amsterdam historisch 05Around 1270 they had the river separated by the dam that gave it its name at the point where it widened into a bay. The settlement was first mentioned in 1275 as “Amstelledamme”. From this dam, the dike curved northwards on both sides of the bay, where today's streets Nieuwendijk and Warmoesstraat (and further south-east the Zeedijk) still run higher than their surroundings. Such dikes were also built elsewhere along the Zuiderzee. According to archaeological excavations, the old children's song Amsterdam, the beautiful city is built on piles, turns out to be quite correct: in fact, houses and streets could only be built with the help of countless piles as a base - rammed up to 18 meters deep through the marshy ground into the solid sand be built in swampland. The first church to be built in the second half of the 13th century was the Oude Kerk, replacing a wooden chapel. From 1408 the larger Nieuwe Kerk followed.

During the Middle Ages, an urban square was created on the site of the Amstel Dam, which still bears the name Dam today and is the centre of today's city.

Change in retail – from herring to beer

amsterdam historisch 06Fishing, initially the most important source of income, gradually gave way to trade, especially with dried or cured herring from the Swedish south coast and with beer from Hamburg, for which Amsterdam received an import monopoly in 1323. In 1347 locks were first mentioned, which made the laborious transport of goods over the dam unnecessary by allowing ships to pass through with their masts down. Later, locks were added at the entrance of the Amstel into the city and at its mouth into the IJ, and canals ran through and surrounded the city, as in the depiction by Cornelis Anthonisz. from 1538 can be seen.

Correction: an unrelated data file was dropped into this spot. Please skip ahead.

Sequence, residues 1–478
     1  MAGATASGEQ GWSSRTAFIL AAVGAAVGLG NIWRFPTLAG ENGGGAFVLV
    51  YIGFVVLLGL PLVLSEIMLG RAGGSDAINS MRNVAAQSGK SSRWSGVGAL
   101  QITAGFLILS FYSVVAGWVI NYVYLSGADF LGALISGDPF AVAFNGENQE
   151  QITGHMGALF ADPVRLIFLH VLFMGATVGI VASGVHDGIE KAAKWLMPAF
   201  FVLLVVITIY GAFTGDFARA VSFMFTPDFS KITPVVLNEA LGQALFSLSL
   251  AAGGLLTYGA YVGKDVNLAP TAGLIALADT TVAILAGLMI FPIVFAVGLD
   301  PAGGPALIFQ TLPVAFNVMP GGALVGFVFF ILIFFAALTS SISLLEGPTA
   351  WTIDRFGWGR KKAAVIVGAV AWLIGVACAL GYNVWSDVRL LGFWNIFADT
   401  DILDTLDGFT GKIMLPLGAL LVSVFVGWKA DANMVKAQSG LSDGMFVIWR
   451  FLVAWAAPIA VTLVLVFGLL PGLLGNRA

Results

At that time the city had around 30,000 inhabitants and consisted of the core of today's old town. Amsterdam was never a member of the Hanseatic League, with which there were trade conflicts and a dispute over passage through the Öresund, which was settled by compromise in 1441. New techniques (immediate gutting of fish while still on board) also made fishing in the North Sea more efficient. Salt and tropical fruits were imported from the Mediterranean. Amsterdam became a stacking and transshipment market and the goods were further processed, giving rise to production techniques, sciences, banking and insurance and printing.

amsterdam historisch 04Amsterdam was then also granted city rights, as Dordrecht, Haarlem, Delft and Leiden had previously received. Under the Counts of Avesnes and their successors, the Wittelsbachs of the Bavaria-Straubing line, Holland experienced a period of prosperity that ended with the invasion of Burgundian power - in 1433 Holland fell to Philip the Good, who ruled it from Brussels. The Hook and Cod War between 1350 and 1490 was a long-simmering power struggle between the bourgeoisie in the Dutch cities, in alliance with the Burgundian dukes, against the interests of the local feudal nobility.

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Life | Outdoors